In case you’re worried – by displaying these coffee grinders, we’re not intending to glorify the First and Second World Wars – and nor are the coffee grinders with the SS runes some kind of homage to the Nazis. The wartime coffee grinders, known as militaria grinders, are contemporary witnesses of terrible conflicts. Many display people’s ingenuity in times of need. That’s because ...
... coffee was a popular beverage, and back in 1868, the Bavarian Ministry of War had decreed that one in ten soldiers in the army had to carry a coffee grinder in his knapsack. The aim was to keep up the troops’ spirits and morale.
The first display case features a field coffee grinder from 1914, which was used by troops in the First World War. The lavish decoration suggests it belonged to a senior officer. It was made from a projectile casing, and the folding crank could be removed and re-attached. A miniature steel helmet served as a lid.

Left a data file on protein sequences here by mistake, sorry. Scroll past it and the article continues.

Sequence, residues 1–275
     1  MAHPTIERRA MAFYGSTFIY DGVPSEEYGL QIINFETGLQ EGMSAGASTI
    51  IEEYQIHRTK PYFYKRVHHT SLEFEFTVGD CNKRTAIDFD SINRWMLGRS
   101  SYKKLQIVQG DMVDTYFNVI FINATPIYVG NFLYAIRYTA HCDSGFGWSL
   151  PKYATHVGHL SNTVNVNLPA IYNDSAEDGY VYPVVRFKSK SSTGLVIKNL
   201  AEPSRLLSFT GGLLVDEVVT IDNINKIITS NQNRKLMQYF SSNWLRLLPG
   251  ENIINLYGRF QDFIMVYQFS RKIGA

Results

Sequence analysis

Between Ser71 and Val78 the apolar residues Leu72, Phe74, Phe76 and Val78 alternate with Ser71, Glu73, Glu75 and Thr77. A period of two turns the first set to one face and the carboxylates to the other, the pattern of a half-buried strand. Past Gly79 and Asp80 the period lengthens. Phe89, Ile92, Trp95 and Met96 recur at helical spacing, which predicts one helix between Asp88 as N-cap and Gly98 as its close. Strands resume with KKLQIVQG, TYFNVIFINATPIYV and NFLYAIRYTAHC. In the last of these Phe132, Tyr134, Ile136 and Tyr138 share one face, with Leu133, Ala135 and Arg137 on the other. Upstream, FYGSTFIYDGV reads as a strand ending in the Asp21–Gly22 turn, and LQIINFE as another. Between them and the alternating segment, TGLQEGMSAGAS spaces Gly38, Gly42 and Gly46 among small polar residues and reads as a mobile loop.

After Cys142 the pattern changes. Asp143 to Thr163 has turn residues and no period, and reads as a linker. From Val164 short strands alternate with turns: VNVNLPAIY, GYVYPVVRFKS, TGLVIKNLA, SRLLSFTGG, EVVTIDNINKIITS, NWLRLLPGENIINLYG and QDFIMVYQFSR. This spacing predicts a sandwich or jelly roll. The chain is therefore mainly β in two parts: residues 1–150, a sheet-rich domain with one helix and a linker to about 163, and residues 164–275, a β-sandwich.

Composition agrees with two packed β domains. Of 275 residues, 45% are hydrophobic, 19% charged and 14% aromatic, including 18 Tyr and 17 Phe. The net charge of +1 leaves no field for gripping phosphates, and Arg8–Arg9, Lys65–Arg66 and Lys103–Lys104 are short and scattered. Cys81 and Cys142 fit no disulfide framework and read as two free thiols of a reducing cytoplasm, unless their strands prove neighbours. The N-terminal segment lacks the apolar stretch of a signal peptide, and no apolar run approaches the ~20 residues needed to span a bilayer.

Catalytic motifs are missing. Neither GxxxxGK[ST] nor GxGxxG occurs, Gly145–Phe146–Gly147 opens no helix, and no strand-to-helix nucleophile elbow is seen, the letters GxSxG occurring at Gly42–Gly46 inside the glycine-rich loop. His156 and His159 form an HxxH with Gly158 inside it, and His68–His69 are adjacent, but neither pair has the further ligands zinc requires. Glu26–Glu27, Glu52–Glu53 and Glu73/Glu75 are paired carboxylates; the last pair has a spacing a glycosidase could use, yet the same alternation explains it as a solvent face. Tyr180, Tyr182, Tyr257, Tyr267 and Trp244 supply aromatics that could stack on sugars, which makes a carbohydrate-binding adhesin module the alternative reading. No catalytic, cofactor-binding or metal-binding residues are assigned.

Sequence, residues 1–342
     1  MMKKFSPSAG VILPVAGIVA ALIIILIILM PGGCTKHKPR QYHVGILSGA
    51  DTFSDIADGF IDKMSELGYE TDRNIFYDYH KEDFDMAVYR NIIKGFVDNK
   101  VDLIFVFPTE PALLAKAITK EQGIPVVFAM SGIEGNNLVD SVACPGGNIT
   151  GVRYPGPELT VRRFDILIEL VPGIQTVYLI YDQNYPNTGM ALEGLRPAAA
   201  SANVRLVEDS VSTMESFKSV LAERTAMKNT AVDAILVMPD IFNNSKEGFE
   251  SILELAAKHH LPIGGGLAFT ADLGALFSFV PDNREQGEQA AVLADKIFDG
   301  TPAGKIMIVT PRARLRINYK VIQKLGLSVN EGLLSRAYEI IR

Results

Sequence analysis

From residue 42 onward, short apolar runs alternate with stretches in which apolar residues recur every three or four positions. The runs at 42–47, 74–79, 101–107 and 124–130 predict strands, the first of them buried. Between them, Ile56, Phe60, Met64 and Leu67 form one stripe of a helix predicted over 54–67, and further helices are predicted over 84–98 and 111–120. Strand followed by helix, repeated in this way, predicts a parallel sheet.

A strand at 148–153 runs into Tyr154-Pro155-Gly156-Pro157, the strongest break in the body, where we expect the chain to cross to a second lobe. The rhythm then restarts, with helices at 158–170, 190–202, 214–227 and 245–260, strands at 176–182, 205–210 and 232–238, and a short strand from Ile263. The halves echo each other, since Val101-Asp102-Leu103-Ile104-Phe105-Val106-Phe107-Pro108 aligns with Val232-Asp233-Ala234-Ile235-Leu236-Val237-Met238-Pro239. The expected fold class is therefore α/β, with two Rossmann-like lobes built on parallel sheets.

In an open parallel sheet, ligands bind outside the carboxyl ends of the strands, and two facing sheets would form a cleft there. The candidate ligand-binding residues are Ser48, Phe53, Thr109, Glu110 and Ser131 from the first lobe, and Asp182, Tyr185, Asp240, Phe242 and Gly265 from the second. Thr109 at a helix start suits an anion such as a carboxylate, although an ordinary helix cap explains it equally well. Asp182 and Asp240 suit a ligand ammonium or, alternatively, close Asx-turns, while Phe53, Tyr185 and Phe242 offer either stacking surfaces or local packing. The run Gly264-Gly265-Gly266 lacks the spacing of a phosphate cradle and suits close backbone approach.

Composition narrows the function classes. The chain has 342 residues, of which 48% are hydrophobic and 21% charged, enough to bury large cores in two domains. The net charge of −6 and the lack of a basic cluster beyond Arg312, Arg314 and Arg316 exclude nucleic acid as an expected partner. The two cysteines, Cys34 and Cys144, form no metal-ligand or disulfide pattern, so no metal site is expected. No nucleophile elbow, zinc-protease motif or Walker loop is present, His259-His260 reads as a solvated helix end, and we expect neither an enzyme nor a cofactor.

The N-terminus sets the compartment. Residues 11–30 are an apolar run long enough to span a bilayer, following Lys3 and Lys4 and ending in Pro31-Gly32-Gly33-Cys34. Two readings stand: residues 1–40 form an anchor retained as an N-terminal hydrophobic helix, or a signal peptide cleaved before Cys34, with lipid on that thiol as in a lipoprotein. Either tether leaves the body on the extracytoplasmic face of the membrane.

Another coffee mill, on the upper shelf of the display case, was made from a shell casing. It’s a hand grinder that also dates to 1914. The grinding mechanism – perhaps from an old wooden grinder destroyed by fire – was inserted into the casing. Again, it had a folding crank that could be stowed in the casing when on the move.
With the same menacing air as Darth Vader from the Star Wars films, three black coffee grinders stand on the wall shelf. They’re surrounded by colourful lap grinders made of wood and glass as well as by table grinders – all from the Nazi period. The three black models from 1930 were manufactured in Rostock, and in Schmalkalden in Thuringia, respectively. They’re made of Bakelite.
Bakelite is pressed and hardened synthetic resin. The material, which is lightweight and heat-resistant, was patented by the Belgian chemist Leo Hendrick Baekeland. Before long, it was being used for the housings of electrical and household appliances. After the First World War, ornate luxury coffee machines fell out of fashion, so this durable material appeared at just the right time for simple, inexpensive coffee grinders to be produced.
All depictions: © Kaffeemühlenmuseum Wiernsheim